When a couple’s relationship breaks down, one of the more difficult and complex issues between them will be how superannuation is treated in any property settlement.
Under the Family Law Act, when a marriage or de facto relationship ends, superannuation is treated as property which can be divided or ‘split’, either by agreement or a ‘splitting order’.
When this happens, one half of the couple does not receive a share of the other’s super as a cash asset in a settlement. Instead, the amount is transferred to the receiving party’s superannuation account and is subject to the usual rules around superannuation only being accessed upon retirement age.
What are the steps involved in splitting superannuation in a property settlement?
When a couple’s relationship ends, the ways in which they can divide superannuation include:
- Doing so under a Binding Financial Agreement (BFA) made before, during or at the end of their relationship, and which sets out the terms by which superannuation will be split as part of a property settlement.
- Seeking orders to split superannuation, by way of an Application for Consent Order; or
- Seeking a court order to split superannuation as part of a property settlement when you can’t reach agreement with your former partner.
While family law treats superannuation as ‘property’, it is considered differently to non-super assets such as a house, bank accounts, shares, etc. Couples who are separating can value their superannuation and split it, although this is not mandatory. In determining a property settlement, the court considers the contributions of each party to the total pool of assets, including superannuation, and retains a lot of discretion in dividing the pool to achieve a just and equitable result for both parties.
In terms of the steps listed above, the first requirement for splitting super is a valuation of the super interest that is to be divided, and the method used will depend on the particular superannuation scheme.
The division then needs to be documented through an order of the courts (including orders made by consent) or by way of a BFA. Expert legal advice is highly advised throughout this process as it can be complex and must comply with certain laws. A BFA, for example, can’t be entered into without both parties having first received independent legal advice.
Once the proposed order or agreement has been drafted, a copy of the document will need to be sent to the relevant fund who are then able to request changes to the wording so that it complies with the fund’s specific rules governing pay-outs and transfers. The splitting order or agreement will not be valid without the consent of the trustee of the relevant fund.
Once a consent order or BFA is approved, or an order is made by the court, a copy of the document must be given to the fund or its administrator for the super division to occur. The trustee must then process the payment split within the ‘operative time’, usually within four business days of receiving the agreement or order.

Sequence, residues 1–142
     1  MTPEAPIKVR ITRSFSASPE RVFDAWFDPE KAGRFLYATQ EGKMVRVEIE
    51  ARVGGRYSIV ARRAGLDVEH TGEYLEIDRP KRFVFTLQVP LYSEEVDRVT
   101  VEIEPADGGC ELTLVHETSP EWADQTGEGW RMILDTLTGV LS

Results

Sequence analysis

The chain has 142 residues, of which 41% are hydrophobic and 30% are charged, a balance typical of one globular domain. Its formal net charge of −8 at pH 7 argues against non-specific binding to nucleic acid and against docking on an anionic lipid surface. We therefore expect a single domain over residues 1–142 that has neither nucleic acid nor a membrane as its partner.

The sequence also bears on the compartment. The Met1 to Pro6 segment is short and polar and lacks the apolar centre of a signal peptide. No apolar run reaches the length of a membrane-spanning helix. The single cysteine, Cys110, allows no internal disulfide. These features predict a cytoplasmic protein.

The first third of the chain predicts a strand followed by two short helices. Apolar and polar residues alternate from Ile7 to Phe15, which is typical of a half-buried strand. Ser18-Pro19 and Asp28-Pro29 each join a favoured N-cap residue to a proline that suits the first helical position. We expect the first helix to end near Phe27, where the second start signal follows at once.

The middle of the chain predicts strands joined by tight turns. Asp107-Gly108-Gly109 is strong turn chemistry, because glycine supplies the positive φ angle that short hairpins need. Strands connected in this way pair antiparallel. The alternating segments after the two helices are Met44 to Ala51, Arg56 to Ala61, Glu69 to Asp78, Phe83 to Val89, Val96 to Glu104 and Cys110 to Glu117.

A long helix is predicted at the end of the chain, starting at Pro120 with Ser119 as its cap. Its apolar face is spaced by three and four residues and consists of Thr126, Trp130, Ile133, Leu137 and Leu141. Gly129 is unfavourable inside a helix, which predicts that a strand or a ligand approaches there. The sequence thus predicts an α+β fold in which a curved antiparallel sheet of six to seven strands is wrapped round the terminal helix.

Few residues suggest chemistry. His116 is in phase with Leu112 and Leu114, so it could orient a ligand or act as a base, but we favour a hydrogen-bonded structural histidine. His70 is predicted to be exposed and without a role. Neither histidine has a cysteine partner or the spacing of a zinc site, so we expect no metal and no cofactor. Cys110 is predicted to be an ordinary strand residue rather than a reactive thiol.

Within 28 days of this time, the trustee must give both parties a payment split notice, and the person in whose favour the split is to be made can give the trustee instructions in the prescribed form as to how the splitting agreement or order is to be achieved.
Two different approaches
Splitting superannuation in a property settlement, like most legal matters, is dependent on your specific circumstances. The court has generally approached this subject using either a ‘global’ or two-pool’ approach.
The global approach sees superannuation included with other assets (house, cars, etc.) in a pool to be distributed between the former couple in a just and equitable way. This approach is more common where a working couple who are still making regular contributions to their superannuation, for example, decide to end their relationship.
The two-pool approach sees the parties’ superannuation interests placed into a separate pool. This will often be the case where one half of the couple – a wife, for example – wishes to retain the matrimonial home and the husband’s super is a significant amount when compared with the value of the home and he is approaching retirement age. It is also the likely approach where superannuation is already being paid out as a pension, or where one party has a much larger superannuation interest contributed prior to the relationship. In such cases, the settlement may include a percentage split of non-super assets as well as a separate percentage split of the superannuation pool.
How are different types of superannuation treated?
The relevant laws governing superannuation in Australia set out the ways most types of superannuation can be split but there are also exceptions, including:
- Self-managed superannuation funds, which are generally valued by an accountant or financial adviser to the party or parties;
- where the Attorney-General has approved a fund using a different valuation method.
How can a legal professional help?
On its own superannuation is notoriously complicated so working out how to split it in a property settlement adds extra complexity. Consulting a legal professional with expertise in this area is the wisest course of action to ensure the process can be completed in the smoothest and most efficient manner.
At McNamara Law we help you go through the process of splitting super, obtaining the information on your behalf from the trustee of your super fund in order to provide a valuation. We can also advise on BFAs, apply for consent orders, and represent you in any court case about property settlement which involves splitting super.
We are recognised as experienced, effective and efficient family lawyers, and offer a free consultation upfront to discuss your family law matter in order to canvass your best options and look at the likely costs of any proposed action. Call us today on 1300 285 888 for further information.